‘It always horrifies me to realize that people keep letters,’ the American writer Martha Gellhorn told one of her legion of correspondents in her later years. Horrifying for her, perhaps, but it is not difficult to see why anyone would keep – and treasure – a letter signed ‘Martha’, ‘Marty’, ‘M’, or simply ‘Gellhorn’, the woman who reported on every major twentieth-century conflict from the Spanish Civil War to Vietnam. Five hundred pages of the letters, sympathetically edited by her biographer Caroline Moorehead in this splendidly readable volume, reveal her to be as lively, lucid, challenging, acerbic and compelling a letter-writer as she was a war correspondent, novelist and travel writer.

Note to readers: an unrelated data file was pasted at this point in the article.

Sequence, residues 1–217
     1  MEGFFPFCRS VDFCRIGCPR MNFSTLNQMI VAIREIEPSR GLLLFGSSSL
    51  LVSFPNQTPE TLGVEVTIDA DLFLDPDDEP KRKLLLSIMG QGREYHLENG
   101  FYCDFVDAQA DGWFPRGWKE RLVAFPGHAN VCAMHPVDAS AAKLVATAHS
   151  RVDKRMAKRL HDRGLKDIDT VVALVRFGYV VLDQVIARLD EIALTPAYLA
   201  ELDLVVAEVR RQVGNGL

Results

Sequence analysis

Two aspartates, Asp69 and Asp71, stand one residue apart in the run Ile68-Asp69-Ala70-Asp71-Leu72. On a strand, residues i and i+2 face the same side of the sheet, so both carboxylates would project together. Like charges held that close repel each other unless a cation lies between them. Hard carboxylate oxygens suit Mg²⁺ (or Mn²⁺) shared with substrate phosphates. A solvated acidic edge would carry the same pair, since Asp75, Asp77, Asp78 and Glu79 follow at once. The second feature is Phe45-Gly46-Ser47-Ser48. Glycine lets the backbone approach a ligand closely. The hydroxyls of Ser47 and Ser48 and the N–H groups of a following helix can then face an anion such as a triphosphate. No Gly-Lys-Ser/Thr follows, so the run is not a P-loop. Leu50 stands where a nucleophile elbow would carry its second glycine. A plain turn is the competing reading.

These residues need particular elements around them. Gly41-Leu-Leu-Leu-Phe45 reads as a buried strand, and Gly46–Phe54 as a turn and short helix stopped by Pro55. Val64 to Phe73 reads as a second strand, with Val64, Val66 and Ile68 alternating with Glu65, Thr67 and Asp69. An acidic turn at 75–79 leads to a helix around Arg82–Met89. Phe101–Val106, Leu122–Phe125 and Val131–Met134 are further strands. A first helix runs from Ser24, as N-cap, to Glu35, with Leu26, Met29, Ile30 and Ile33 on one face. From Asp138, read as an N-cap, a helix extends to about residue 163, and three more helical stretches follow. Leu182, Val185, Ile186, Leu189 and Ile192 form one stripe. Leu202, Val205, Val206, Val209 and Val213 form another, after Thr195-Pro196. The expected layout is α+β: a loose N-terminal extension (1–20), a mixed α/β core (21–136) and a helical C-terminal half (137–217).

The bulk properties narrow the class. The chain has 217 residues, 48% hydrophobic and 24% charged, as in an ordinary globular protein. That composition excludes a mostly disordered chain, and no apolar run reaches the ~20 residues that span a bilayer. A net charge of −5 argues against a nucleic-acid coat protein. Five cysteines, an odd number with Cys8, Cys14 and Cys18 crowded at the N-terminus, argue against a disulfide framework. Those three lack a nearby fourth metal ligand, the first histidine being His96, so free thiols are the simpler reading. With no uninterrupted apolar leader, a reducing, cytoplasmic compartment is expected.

Moorehead notes that in a 1986 afterword to her novel about Czechoslovakia in 1939, A Stricken Field, Gellhorn regretted she had never kept a ‘writer’s compost heap’ of diaries, journals, notes or photographs. She felt this omission more keenly than most because she took a dim view of her own